We have an expectation of well thought out quality first teaching and learning, delivered by all. All members of the department use our curriculum mapping document to ensure that learning is sequenced so that students build knowledge and skills over time. Skills and knowledge are considered throughout each six week cycle but also across the whole year: building on, and making connections with, prior knowledge from previous years in school. The department team then ensures there are plenty of opportunities for the students to practice and apply this knowledge in a range of different contexts, so that they achieve deep, long term learning.

In order to effectively evaluate student progress over time; students complete a baseline test at the start of the year which comprises of questions from each of the four strands of Design & Technology. Progress is monitored throughout the year and students complete end of cycle assessments every six weeks, culminating in a final end of year assessment, the results of which can then be directly compared to the baseline assessment at the beginning of the year. All cycle tests include a previous knowledge.


We believe that assessment should be meaningful and so have incorporated a range of formative and summative assessment tools. We encourage peer and self-assessment so that students can gain understanding of markschemes and their indicative content. At the start of each new cycle, students are asked to complete a prior knowledge checklist, which is then revisited at the end of the cycle and re-evaluated for progress made. Formative assessment points are planned throughout each cycle with key pieces of work identified for assessment which will best identify the strengths and weaknesses in each of the four strands for individual students.

Students have assessment tracking documents in their books so that they can monitor and track their own progress; creating meaningful smart targets throughout the year.

Summative assessments at the end of each cycle give on-going data for individuals but also at a class and whole cohort level. We have central markbooks in the department so that outcomes can be analysed across the whole year group and not just one class at a time, thus giving a deeper understanding of whether topics should be re-visited on an individual or larger group basis. Grade boundaries are consistent across each key stage so that we have an accurate view of how a student maybe performing compared to the current cohort or the previous cohort. This also helps us to determine whether the quality of teaching is in line with the school ethos of preparing students to achieve exceptional academic performance regardless of who their teacher is.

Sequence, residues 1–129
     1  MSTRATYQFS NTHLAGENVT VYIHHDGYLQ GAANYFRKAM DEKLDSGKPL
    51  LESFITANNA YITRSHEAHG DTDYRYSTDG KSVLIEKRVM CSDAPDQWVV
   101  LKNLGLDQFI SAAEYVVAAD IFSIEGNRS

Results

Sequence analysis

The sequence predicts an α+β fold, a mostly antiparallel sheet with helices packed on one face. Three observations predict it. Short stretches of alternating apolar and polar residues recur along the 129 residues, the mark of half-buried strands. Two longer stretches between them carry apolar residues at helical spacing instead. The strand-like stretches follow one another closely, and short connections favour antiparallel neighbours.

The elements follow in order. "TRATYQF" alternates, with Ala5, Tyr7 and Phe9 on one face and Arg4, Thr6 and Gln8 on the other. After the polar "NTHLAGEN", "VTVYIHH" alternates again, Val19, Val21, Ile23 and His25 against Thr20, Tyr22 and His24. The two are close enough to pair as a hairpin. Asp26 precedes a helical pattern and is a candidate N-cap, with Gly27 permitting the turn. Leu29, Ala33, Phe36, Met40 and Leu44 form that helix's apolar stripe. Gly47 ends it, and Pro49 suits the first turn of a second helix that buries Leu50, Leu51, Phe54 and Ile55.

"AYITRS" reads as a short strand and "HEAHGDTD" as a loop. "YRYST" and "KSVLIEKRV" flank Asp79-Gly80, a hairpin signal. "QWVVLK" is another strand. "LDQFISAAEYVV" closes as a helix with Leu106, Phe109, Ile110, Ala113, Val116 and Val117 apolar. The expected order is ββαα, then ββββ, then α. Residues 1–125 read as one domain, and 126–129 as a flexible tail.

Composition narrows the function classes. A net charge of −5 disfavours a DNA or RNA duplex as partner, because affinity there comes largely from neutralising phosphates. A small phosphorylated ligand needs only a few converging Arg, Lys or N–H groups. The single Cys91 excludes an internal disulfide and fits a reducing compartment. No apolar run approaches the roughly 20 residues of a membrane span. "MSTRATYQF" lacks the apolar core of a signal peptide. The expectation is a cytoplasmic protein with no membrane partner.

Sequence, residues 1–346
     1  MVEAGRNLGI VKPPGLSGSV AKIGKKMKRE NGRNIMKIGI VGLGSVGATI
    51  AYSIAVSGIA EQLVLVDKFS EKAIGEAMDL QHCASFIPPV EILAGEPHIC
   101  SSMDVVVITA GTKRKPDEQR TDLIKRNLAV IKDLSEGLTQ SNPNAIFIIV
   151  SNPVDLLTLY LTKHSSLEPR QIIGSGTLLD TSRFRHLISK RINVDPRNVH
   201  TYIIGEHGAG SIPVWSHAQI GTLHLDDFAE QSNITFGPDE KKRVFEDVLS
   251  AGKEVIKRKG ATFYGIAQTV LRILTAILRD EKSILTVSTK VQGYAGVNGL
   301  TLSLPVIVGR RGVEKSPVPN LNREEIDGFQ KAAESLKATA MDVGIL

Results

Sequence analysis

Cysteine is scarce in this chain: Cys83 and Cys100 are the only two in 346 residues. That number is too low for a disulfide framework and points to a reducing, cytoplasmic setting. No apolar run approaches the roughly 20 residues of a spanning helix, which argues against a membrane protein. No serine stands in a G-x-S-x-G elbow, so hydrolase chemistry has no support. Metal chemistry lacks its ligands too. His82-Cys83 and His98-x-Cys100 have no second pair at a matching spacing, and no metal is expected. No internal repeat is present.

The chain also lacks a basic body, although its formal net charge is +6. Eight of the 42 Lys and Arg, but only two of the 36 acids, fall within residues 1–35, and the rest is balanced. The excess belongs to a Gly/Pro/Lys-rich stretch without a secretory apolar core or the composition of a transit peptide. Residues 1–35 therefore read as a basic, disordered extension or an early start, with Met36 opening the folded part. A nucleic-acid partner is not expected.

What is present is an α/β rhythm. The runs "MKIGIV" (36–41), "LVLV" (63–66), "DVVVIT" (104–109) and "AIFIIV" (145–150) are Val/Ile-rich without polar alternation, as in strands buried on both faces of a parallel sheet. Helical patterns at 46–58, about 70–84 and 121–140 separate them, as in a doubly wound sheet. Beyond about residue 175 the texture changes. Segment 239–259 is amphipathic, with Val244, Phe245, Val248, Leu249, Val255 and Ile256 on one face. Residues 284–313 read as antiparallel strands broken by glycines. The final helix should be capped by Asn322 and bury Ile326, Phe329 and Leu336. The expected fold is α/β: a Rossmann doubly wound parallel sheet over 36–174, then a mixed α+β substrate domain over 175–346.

Mock exam at KS4 and KS5 are analysed in detail. Each question outcome is colour coded per student and compared across a class and the whole cohort; thus informing subsequent lesson planning where gaps in knowledge may have been identified, on an individual; across a class and on a whole cohort level.

Using the school’s learning Hierarchy framework: students are taught how to recall and retrieve information and apply this to different contexts and at different times. Students demonstrate the ability to not only repeat what they have learnt but also teach others in the class, this can be seen most prominently during practical lessons where students share knowledge and improve their skills by helping each other throughout a project.

We are confident that our strategies for teaching our subject are having a positive impact on the students. We have up to five GCSE classes and consistently achieve results with positive VA scores. The numbers for our A Product Design course have gone up three fold in the last two years.

Our sixth formers spend extra time in the department by choice as they enjoy the positive learning environment. They assist us in mentoring younger students as well as taking on department improvement projects, working alongside staff, all reinforcing our welcoming ethos in the department. Student voice is positive when questioned about the development of the department and we regularly hear that students feel they are part of the department itself and not just visitors. This all fits in cohesively with our school ethos of being a Norlington family. 


Cycle Sheets